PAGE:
Or is it? That’s the tantalizing idea that animates “The Frame-Up” (Greenwillow, 364 pages, $16.99), a mystery-adventure by Wendy McLeod MacKnight that takes place almost entirely in the Beaverbrook Art Gallery, in Fredericton, New Brunswick, where “Mona Dunn” hangs on the wall in real life.

In this delicious tale, 13-year-old Mona is not merely a figment of pigment: Like her gallery-mates Somerset Maugham, Helena Rubinstein and Max Aitken, aka Lord Beaverbrook, she is wide awake and, after hours, can flit from frame to frame to visit friends or sit in the dappled Italian sunlight of John Singer Sargent’s “San Vigilio, Lake Garda.”

Life for the gallery residents is timeless and pleasant, for the most part, though some do chafe under Lord Beaverbrook’s strict rules. (Anyone wishing to go to the basement, for instance, must first enter Salvador Dalí’s “Santiago El Grande” and answer a riddle posed by the horse and rider at its center.)

“Mona Dunn” (c.1915) by William Orpen
“Mona Dunn” (c.1915) by William Orpen PHOTO: BEAVERBROOK ART GALLERY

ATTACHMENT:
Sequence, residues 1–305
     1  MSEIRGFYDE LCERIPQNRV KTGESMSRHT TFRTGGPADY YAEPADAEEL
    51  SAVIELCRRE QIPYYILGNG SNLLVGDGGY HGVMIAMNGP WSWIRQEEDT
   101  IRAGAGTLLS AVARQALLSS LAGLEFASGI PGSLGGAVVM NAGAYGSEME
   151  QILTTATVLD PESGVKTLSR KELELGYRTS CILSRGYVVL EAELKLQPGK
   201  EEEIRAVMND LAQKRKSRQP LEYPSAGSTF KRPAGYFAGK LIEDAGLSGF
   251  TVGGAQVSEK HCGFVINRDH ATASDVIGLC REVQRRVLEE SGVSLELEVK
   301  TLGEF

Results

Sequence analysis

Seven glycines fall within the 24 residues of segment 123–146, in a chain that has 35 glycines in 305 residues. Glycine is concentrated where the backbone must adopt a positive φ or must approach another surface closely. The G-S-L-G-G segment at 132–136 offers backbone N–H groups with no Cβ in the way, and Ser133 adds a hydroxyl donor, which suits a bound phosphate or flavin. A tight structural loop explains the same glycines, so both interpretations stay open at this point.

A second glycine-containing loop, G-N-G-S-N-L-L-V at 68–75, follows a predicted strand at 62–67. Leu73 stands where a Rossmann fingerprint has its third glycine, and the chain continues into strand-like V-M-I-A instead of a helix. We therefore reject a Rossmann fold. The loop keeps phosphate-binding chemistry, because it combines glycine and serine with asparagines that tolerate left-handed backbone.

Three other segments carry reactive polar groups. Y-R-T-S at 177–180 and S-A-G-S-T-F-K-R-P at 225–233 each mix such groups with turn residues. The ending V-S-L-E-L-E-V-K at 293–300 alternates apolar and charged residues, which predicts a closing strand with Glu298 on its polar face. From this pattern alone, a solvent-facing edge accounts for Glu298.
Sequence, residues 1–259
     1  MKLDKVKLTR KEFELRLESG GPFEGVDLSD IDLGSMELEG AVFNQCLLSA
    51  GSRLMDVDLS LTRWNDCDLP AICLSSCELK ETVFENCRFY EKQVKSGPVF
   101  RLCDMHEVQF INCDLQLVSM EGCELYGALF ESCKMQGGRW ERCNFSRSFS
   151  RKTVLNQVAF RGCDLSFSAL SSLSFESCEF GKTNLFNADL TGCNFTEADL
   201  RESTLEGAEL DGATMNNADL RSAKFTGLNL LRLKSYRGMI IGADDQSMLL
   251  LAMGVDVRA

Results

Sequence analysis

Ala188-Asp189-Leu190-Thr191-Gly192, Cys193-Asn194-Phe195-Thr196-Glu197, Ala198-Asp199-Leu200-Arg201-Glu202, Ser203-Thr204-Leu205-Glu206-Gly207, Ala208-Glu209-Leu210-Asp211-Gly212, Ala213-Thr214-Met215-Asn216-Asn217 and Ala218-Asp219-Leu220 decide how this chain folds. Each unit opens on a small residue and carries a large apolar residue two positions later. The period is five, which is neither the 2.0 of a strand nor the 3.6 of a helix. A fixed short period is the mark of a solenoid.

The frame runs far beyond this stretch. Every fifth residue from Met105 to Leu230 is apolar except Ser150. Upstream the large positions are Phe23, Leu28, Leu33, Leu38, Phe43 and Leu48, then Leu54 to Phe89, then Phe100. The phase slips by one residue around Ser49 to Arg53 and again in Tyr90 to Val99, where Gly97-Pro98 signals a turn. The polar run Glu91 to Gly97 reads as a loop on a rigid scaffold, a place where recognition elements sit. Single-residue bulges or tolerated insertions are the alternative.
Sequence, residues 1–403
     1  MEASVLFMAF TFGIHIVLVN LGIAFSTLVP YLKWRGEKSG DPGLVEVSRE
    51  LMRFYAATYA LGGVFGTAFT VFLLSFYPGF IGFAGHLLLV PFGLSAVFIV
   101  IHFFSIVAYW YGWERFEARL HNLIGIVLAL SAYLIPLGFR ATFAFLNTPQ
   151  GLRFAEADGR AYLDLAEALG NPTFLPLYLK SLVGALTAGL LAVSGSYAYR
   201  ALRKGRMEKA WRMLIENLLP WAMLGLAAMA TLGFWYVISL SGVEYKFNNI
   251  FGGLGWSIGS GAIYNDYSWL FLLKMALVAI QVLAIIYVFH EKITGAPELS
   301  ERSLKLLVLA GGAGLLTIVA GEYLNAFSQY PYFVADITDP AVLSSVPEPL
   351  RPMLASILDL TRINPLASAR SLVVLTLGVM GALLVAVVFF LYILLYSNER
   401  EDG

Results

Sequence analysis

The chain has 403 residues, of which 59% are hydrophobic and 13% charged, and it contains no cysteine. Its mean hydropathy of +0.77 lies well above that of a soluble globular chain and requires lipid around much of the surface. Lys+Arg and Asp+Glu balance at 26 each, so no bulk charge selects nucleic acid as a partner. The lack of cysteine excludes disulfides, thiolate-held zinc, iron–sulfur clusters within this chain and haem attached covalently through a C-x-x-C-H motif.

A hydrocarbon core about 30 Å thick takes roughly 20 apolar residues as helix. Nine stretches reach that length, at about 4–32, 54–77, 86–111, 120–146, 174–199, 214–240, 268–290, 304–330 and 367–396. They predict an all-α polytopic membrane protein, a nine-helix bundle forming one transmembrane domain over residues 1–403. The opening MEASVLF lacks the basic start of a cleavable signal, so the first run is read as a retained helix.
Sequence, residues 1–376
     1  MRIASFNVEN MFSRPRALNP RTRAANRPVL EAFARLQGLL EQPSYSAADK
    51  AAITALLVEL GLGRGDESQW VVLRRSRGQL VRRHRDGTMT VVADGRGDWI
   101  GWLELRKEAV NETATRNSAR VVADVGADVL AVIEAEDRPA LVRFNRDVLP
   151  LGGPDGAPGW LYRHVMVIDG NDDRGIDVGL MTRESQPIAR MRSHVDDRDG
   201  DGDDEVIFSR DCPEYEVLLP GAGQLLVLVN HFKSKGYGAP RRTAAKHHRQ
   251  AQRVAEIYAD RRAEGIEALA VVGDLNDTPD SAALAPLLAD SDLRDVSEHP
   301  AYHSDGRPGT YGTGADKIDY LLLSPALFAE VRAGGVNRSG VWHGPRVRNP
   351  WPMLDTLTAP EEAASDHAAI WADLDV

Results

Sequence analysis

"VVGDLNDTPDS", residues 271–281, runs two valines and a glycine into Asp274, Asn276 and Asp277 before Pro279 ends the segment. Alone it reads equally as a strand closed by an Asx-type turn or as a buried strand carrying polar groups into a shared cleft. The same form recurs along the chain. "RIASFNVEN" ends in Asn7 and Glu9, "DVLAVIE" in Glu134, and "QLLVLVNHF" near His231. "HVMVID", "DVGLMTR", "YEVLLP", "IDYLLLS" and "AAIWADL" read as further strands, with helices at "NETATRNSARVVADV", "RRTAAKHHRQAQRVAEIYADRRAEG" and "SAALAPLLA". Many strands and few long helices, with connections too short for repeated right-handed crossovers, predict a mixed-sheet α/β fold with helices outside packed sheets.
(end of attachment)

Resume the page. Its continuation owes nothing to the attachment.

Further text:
Everything changes for the people in the paintings one summer, however, with the arrival of a 12-year-old boy with a name taken from art history. The gentle, unhappy son of the gallery director, Sargent Singer catches Mona making a face at a rude young patron. Incredulous and thrilled, he promises to keep her secret, even as the two new friends notice suspicious doings among the adults around them. In the human world, Sargent’s father seems oddly complacent about a shifty art restorer who is making eccentric demands. In the painted world, Beaverbrook is stricter and Maugham more acid-tongued than ever.

Hanging over the whole story, meanwhile, is a cruel reality. “Sargent will leave at the end of the summer,” a painted friend reminds Mona. “He will grow old. You will not. The path you travel guarantees nothing but heartache.”

Ah, but does it? As if answering a riddle from the Dalí painting, Sargent finds a solution to the conundrum that we discover in the final pages of this clever, satisfying story for art-loving readers ages 11-14.

 

How amazing is that?

 

On Sunday, I travelled to Halifax to receive the Atlantic Independent Booksellers’ Emerging Author Award 2018 for It’s a Mystery, Pig Face!

It was such an honour and so much fun to meet all the amazing booksellers in the Atlantic region!

 

 

I’m going to be interviewed on Q, one of CBC’s most popular radio programs!

 

The interview, about The Frame-Up, will air on Monday morning, July 16th, at 10:30 a.m. local time.

The program has an average of one million listeners a week (gulp!) and will also air on Public Radio International in the U.S. to another 500,000 listeners!  Wish me luck!

And if you want to listen live, click here.